In fine art photography, photography is used to communicate a message, feeling or idea through subjects that hold a meaning or serve a particular purpose. We show you how to develop an idea and present it through your photos, with examples.


Welcome to the AP Improve Your Photography Series – in partnership with MPB – This series is designed to take you from the beginnings of photography, introduce different shooting skills and styles, and teach you how to grow as a photographer, so you can enjoy producing amazing photography (and video), to take you to the next level, whether that’s making money or simply mastering your art form.

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Each week you’ll find a new article so make sure to come back to continue your journey, and have fun along the way, creating great images. If you’ve found these articles helpful, don’t forget to share them with people you know who may be interested in learning new photography skills. You’ll find a whole range of further articles in this series.


What is fine art photography?

This is a question that we’re sure has crossed everyone’s mind. Fine Art photography is unlike other genres, such as photojournalism, where the photographer captures the subject for what it is. Fine art photography is much more subjective and is about presenting a narrative, idea, message or feeling through the medium of photography.

Whilst landscapes, people and streets may appear, they usually intend to serve a purpose or hold a meaning. The choices made in subject, composition, lighting and so on within a photo are purposely chosen.

How to develop an idea for your fine art photography

The message or idea in your fine art photography could be a word, emotion or concept. Doing fine art photography has a process, and perhaps one that is even more of an intentional than other kinds of photography. The first step is to consider an idea or concept, and then how you will present them through photography.

A good place to start is to consider what you are passionate about, or something that has meaning to you. You may consider a range of ideas until you find something that works for you. Write them down and start to categorise ideas/themes in a brainstorm; from here you can streamline them. Writing down your ideas and even developing an ‘artist statement’ may help, especially if you want to talk about your work with others.

Once you have found your core ideas start doing some research around the topic. See what other photographers and artists are exploring similar themes. You can do this through searching on social media, the internet, reading books and other literature, as well as visiting exhibitions.

NB: an artist statement is a short piece of text that clearly describes your work. It aims to give the viewer understanding, context and basis for the work.

looking through train window towards london waterloo station eerie fine art photo

Image: Jessica Miller

Presenting a message or story through your fine art photos

Once you have found what you want to say through your photography, you will need to decide how you want to say it, and what you want the focus to be. Will you use, landscapes, people or still life to express the concept? Trying different styles and techniques is the only way to know whether it works or not – for you and your idea.

Pre-visualising is a good method for considering how your ideas and messages will be played out in an image. As Marsel van Oosten stated, ‘Pre-visualisation is visualising an image before it is made. Instead of merely capturing what you see in front of you, you first create the image in your head and then try to capture it. This is the most important creative technique that I use and know.’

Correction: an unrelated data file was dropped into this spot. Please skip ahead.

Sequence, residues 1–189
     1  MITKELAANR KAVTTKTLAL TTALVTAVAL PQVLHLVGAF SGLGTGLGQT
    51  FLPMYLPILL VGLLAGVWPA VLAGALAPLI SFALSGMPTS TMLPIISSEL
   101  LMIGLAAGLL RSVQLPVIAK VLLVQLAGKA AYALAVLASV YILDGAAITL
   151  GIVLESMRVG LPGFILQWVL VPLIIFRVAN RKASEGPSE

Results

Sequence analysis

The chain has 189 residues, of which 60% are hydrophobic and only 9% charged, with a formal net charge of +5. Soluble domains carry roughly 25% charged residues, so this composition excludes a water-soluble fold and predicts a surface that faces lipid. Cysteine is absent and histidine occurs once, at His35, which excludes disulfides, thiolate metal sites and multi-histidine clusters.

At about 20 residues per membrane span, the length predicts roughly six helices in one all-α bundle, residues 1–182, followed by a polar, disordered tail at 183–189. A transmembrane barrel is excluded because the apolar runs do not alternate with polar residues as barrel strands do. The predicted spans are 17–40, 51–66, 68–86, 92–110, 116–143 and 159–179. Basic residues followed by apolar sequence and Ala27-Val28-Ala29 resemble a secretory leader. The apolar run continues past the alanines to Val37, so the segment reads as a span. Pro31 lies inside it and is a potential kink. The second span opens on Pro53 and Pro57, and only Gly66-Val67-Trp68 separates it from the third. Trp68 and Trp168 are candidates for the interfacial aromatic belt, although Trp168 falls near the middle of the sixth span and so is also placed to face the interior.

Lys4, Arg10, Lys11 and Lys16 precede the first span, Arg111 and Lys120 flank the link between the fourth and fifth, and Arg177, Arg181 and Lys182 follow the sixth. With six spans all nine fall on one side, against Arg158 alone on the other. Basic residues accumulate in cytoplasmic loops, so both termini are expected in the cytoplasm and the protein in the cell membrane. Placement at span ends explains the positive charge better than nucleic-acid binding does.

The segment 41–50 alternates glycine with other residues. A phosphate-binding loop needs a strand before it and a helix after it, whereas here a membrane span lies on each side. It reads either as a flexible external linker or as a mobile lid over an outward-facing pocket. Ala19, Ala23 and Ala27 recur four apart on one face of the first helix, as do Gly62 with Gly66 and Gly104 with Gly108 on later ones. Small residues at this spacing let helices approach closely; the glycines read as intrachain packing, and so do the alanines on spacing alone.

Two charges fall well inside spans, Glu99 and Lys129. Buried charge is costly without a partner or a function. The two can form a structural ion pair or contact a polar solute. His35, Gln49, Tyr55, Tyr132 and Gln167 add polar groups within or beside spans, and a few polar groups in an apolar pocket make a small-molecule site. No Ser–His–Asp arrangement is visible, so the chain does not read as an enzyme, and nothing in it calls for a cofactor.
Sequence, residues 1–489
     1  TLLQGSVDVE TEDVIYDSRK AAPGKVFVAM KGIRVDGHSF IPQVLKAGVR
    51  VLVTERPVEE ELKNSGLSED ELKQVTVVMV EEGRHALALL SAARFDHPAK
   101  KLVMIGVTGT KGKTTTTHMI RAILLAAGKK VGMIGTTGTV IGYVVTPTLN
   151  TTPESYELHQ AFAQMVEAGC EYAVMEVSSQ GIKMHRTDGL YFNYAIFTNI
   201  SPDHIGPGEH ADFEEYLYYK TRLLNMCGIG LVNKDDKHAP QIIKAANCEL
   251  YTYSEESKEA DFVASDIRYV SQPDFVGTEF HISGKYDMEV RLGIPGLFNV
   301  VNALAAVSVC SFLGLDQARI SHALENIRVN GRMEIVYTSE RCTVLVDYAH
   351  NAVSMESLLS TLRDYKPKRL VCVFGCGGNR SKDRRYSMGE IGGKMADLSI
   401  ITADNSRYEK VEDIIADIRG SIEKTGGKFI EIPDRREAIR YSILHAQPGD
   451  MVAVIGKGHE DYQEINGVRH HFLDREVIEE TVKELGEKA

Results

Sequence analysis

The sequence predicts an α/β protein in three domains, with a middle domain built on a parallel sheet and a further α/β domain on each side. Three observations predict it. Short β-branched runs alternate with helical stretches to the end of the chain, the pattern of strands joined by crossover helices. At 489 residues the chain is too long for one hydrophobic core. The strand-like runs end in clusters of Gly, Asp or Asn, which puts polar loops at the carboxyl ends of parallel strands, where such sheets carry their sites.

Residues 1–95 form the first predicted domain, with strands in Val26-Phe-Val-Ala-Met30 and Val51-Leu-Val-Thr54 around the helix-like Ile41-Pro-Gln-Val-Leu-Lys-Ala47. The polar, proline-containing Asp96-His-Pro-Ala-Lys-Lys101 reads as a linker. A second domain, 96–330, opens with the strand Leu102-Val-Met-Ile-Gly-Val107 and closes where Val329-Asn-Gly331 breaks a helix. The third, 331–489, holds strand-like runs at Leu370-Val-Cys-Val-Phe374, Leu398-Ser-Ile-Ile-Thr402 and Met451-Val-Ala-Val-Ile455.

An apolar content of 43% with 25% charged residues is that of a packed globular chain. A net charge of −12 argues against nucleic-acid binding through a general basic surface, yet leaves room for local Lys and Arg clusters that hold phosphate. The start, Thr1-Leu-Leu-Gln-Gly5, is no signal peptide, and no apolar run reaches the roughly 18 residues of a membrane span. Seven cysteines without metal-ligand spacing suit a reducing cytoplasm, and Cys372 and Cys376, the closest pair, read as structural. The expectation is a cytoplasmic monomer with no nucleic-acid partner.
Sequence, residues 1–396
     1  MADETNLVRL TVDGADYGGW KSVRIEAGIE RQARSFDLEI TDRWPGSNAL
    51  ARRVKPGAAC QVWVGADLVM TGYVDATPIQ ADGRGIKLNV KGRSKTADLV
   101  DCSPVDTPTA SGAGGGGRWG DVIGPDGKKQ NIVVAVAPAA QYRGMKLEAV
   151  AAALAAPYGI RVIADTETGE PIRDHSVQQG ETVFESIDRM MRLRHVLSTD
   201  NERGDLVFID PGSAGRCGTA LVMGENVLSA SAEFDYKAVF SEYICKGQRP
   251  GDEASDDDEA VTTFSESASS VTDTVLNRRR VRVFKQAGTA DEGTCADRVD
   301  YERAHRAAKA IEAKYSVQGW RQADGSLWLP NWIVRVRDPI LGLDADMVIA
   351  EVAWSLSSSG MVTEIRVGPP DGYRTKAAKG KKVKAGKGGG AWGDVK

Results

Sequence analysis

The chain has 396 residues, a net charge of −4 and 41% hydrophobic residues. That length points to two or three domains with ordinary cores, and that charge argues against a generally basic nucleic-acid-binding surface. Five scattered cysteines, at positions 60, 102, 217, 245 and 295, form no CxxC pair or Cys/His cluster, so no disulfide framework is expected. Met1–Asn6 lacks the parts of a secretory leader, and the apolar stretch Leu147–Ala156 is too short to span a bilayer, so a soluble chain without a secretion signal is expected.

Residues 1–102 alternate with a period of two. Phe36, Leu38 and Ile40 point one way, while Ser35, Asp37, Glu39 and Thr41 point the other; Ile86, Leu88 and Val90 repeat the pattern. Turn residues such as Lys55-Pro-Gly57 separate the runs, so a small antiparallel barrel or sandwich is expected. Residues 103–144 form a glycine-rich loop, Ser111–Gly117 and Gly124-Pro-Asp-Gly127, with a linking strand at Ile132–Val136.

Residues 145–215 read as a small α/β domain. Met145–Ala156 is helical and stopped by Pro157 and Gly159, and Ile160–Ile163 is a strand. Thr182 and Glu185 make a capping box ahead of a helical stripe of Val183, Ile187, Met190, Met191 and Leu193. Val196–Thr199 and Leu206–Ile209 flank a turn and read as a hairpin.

As part of this, having some experimentation with trial and error will strengthen the final results. It’s perfectly okay if an idea doesn’t work, just try again.

Like other forms of photography you should still consider the kit you use, composition, colour or black and white, lighting, editing etc, and what is appropriate for the message you are sending. Having a good understanding and being able to control these elements will be important for creating great photographs that put across your idea.

You should also consider if you are taking singular photos or images as part of a series. Want to know how to build a portfolio for your photography? Tracy Calder shares some advice for how to put together a portfolio here.

intentional camera movement image of buildings by a sea harbour fine art photography

Image: Jessica Miller, from the series ‘Topophilia’

So how do you know if your photo has been successful in putting across your message? Ask yourself and also other people some deeper questions such as ‘Is your message conveyed?’, ‘How does the viewer read the composition? Does it guide their eye?’, ‘What do I/they get from it?’ and so on.


Portrait fine art photography

Fine art portrait photography is captured with intention and meaning and aim to deliver emotion and impact. They are more than just capturing a headshot, beauty or fashion campaign or documentary shots, where the photography is capturing reality.

Fine art portrait photography tips:

  • All about the eyes – Portrait photography is about the eyes. Even if your subject’s eyes are closed and this is deliberate it will impact how the viewer interprets and connects to the subject. If they are open and the main focal point, then keep those eyes sharp!
  • Consider the environment – Capturing the surroundings of the person you are photographing can reveal more in your storytelling. Linking the background with the subject and narrative of your photo will give your photo a more concise and interesting concept.
  • Light – use natural light to your advantage, especially if you do not have artificial lighting. There are amazing opportunities to create striking portraits.
  • Shadows – Creating a shadow can add character, shape, dimension and drama. You can completely change the look of your portraits depending on where you allow the shadows and light to fall.

Top fine art portrait photography tips

Landscape fine art photography

If you are choosing to use landscapes within your fine art photography, the first steps are to find connections, location and subject for your photographs. Consider the purpose of using your chosen landscape scene for your photo.

Fine art landscape photography tips:

  • Try using filters – Using an ND filters can help with long exposures or creating a sense of mood.